Musings on Memorial Day Weekend
(Incoming at Khe Sanh, Quang Tri Province, South Vietnam.)
You know, I never understood it when people wished me a "happy" Memorial Day. I know their intentions are the best but this time of year is never a happy time for me. Never. And I've been that way ever since I rotated "back to the world" (i.e., home) from Vietnam in the Fall of 1968.
Now don't get me wrong here. Nearly 49 years have passed since I completed my second tour of combat duty in Vietnam and life has been good to me. Sure, I've endured my share of emotional and psychological stress over the years but the bottom line is that I returned home in one piece...physically at least. I am grateful for that fact. And as I've grown older I've become even more grateful for the fresh chance I was given when so many never got that chance, including three fine young men (two of them 19 years old and the third 20) who deserved better than to die in that shit hole. Because that's what it was...at the very least. What chance am I speaking of here? The chance to live a full life, get an education, raise a family, and be here right now with you. I am unbelievably lucky and blessed, especially in light of what could have happened.
You know, for a lot of years (decades) I was angry and bitter about Vietnam. I focused on all the negatives of that experience (of which there were many) instead of focusing on the fact that I was alive and able to continue forward along any path I deemed fit. Initially I chose the path to misery, self-loathing for having survived, and self-destruction. I won't go into all the dark details but you can trust my word that I could have ended up like some other Vietnam Vets, taking my life by my own hand intentionally (or unintentionally via drugs, alcohol, etc.). That's a horrible, horrible thing you know? Suicide means you've lost all hope, that the emotional and psychological traumas are just too great to bear, and that ultimately...life has no meaning. You have just simply given up.
In Vietnam there were days when I didn't think I could stand another minute let alone another day, week, or month. Most of my buddies felt the same. I won't lie to you...there were times when I considered taking my own life in Vietnam and in the difficult years that followed. But I didn't. Something kept me driving forward, picking up the pieces and moving on. Just like Vietnam. No matter how bad things got someone would mutter "Don't mean nothin' bro'" and we'd sigh, pull our shit together, and get to it once again. ALWAYS looking out for one another. Always. We didn't give one good goddamn about the red, white, and blue, mom and apple pie, John Wayne's cinema bravado, certain chickenshit officers writing themselves up for medals, or a select group of alcoholic NCOs making us do all the dirty work and feeling the pain while they kicked back in the "rear with the beer." I'm speaking both literally and figuratively here but you can count on the fact that what I'm telling you is truer than you will ever know. Our leadership (or lack thereof) in 1968 was absolutely deplorable. Sure there were a few exceptions, but very few. The rest were ticket punchers, shit heels, non-hackers, morons, and yes...cowards. All this during the worst year of the Vietnam War in terms of overall fighting and casualties. And where were we? Operating in the worst possible region, the I Corps area, in the northernmost province of Vietnam, Quang Tri. Not far from the DMZ and North Vietnam. Ask any marine, sailor, airman, or soldier who ever served there (mostly marines and sailors though) about "I Corps." If they're willing to talk about it I guarantee you it won't be with wistful nostalgia. That place and that area was the absolute tight end of the funnel. The so-called "shitty end of the stick." And I served there. So did my buddies.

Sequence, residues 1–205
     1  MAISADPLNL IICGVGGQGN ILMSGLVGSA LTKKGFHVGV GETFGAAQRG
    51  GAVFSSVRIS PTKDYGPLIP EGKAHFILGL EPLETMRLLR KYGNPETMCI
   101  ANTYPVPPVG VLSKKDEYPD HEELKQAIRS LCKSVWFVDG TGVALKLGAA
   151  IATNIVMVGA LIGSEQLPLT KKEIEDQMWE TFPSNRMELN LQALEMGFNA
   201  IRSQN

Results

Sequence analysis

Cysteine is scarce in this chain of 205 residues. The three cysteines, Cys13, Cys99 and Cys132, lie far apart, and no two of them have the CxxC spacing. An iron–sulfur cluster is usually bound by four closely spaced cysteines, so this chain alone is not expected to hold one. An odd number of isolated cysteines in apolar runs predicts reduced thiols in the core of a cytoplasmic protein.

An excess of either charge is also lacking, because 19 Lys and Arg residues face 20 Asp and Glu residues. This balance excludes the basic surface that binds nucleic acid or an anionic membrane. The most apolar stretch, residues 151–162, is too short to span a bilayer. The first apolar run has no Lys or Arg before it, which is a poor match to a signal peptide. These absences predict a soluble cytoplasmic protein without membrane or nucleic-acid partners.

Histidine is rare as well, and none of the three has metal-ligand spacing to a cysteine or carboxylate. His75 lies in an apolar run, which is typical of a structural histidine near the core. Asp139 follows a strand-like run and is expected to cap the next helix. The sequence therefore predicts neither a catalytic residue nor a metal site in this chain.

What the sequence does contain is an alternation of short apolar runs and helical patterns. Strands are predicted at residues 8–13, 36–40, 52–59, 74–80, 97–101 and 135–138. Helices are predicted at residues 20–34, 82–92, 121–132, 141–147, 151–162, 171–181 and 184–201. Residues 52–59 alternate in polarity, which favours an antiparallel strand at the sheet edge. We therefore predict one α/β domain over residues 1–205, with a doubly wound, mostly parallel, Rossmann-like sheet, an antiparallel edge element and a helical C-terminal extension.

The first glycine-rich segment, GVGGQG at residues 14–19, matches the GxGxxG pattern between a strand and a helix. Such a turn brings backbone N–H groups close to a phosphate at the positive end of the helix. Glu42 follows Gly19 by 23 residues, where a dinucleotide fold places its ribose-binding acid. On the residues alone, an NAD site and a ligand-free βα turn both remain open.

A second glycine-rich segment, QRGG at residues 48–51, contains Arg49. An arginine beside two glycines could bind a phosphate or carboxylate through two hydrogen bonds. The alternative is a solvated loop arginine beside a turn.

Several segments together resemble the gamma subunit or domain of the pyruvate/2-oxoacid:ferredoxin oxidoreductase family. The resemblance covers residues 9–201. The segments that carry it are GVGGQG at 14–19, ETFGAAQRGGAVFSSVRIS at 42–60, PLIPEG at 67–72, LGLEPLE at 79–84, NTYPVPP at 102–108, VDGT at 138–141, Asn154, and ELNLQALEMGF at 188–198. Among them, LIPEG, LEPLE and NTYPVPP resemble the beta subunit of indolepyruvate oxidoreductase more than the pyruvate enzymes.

Some of you are shaking your heads after this last and saying, "Wow! He's still angry and bitter." Perhaps. But I try not to focus on all the evil and the inconsistencies. I try hard each and every day. Why? Because not one day has passed since I was 20 years old where I didn't think about Vietnam in one way, shape, or form. Sometimes those thoughts are fleeting or ephemeral...other times they are so real I can reach out and touch them. I remember faces, things, places, incidents, and most of all...buddies. Some of whom are alive this very day and whom I still love like brothers. I am grateful, so grateful, they made it back too. They went through the shit with grace and dignity and courage. Kids 18, 19, and 20 years old. Put yourself in their place and in mine. How would YOU feel?
Nope. Don't wish me a "happy" Memorial Day. I know you mean well but I don't want to hear it. It'd be better if you bowed your head for a moment and said a silent prayer of remembrance for all those who didn't make it "back to the world." I don't care what war they fought in either. We're all brothers in that regard, those of us who fought and sacrificed our youth, our hearts and minds, and our bodies. We are the ones who NEVER forget those who didn't make it home. We never forget.
(c) Jim Rocha 2017
Questions? E-mail me at firstname.lastname@example.org